In as far as it tackled religion, early sci-fi was concerned with the trappings and rituals rather than the emotional experience. Pulp stories used religion as a sign of the exotic, of strange foreign people the heroes should civilise/shoot/snog. More idea-oriented stories tended to set up religion as a source of superstitions, to be reasoned with and debunked. When elements of real religions turned up it was so that authors could offer rational alternatives, as in Arthur C Clarke’s depiction of the Bethlehem star as a nova (The Star, 1955) or Lucifer as a misunderstanding of our alien saviours (Childhood’s End, 1953).

In recent decades, things have got more complicated. We’ve seen Iain M Banks explore the alienness of transcendence in The Hydrogen Sonata and the emotional impact of a man-made Hell in Surface Detail. Julian May‘s Saga of the Exiles and Galactic Milieu books are full of Catholic characters, as well as a transcendent future based on the theology of real Catholic scholar Pierre Teilhard de Chardin (a guy with some pretty wacky ideas for a Jesuit – a century or two earlier the Inquisition would have taken their flaming torches to him). The rebooted Battlestar Galactica, though not always sophisticated or coherent in its handling of faith, did place religion centre stage.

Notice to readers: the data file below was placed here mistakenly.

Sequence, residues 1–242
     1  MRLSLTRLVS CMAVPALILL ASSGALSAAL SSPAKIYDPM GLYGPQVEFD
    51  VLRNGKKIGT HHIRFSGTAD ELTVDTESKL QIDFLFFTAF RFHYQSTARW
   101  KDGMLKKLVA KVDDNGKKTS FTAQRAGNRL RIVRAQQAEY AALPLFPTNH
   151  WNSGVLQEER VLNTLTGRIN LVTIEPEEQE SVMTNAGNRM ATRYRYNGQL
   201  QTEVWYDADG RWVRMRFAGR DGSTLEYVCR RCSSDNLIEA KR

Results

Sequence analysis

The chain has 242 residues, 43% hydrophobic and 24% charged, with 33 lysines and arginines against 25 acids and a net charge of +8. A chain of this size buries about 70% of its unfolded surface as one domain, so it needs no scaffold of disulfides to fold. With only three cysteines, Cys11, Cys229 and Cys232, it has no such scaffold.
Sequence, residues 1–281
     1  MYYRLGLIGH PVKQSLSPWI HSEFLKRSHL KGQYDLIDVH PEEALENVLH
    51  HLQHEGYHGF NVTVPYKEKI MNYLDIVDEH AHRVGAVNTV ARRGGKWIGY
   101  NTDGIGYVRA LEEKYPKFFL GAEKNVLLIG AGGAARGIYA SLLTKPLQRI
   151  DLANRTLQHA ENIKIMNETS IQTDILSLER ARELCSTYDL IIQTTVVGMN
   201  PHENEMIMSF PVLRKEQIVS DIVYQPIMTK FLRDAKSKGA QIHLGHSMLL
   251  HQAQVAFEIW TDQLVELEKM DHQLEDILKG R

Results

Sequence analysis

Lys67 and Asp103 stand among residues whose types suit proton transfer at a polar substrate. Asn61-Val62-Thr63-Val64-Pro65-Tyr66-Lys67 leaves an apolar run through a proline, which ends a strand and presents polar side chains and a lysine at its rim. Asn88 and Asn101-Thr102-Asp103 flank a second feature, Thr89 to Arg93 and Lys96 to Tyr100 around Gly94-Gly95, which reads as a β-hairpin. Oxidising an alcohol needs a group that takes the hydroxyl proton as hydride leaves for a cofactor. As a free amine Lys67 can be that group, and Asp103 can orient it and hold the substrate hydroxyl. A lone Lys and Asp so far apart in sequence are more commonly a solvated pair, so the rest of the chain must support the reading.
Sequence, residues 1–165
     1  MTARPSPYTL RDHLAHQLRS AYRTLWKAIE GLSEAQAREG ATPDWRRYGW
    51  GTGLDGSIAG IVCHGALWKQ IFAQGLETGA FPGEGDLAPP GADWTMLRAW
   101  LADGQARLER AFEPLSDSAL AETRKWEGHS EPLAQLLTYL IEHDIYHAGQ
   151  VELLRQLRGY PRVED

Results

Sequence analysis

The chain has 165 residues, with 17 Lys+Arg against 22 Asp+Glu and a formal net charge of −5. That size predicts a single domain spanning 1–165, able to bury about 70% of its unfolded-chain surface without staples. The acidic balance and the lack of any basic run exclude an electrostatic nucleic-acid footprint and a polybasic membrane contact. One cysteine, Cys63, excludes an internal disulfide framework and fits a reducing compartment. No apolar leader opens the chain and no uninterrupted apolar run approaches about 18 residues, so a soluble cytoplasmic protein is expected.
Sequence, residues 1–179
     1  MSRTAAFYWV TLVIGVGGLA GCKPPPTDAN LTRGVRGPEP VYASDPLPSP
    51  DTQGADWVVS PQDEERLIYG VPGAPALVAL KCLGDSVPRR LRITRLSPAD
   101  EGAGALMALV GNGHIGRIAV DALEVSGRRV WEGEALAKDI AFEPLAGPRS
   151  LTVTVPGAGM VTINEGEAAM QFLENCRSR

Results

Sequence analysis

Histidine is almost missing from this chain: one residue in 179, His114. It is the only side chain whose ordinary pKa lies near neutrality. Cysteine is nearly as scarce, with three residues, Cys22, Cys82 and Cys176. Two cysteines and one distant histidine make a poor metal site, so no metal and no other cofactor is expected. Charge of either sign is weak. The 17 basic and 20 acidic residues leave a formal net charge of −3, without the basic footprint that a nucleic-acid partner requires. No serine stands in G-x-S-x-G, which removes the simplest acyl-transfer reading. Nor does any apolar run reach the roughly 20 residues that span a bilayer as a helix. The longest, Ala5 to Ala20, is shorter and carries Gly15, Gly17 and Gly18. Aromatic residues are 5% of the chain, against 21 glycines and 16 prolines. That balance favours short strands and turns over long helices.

For my money, the best example is Mary Doria Russell’s The Sparrow. This uses an intriguing sci-fi setting to explore the emotional experience of faith. It made a belief system that is alien to me – Jesuit-flavoured Catholicism – feel real, meaningful and comprehensible. And it used it to shine light on its sci-fi concepts.

Sure, there are still a lot of poor portrayals of religion in sci-fi (I’m looking at you Star Trek, with your ‘this whole planet worships the cheese god‘ approach). But there are poor portrayals of everything. What matters is what the good examples do, and science fiction can do faith well.
So what do you think? Know some particularly good or bad examples I’ve missed? Think I’m completely off the mark? Have faith in every word I write? Let me know.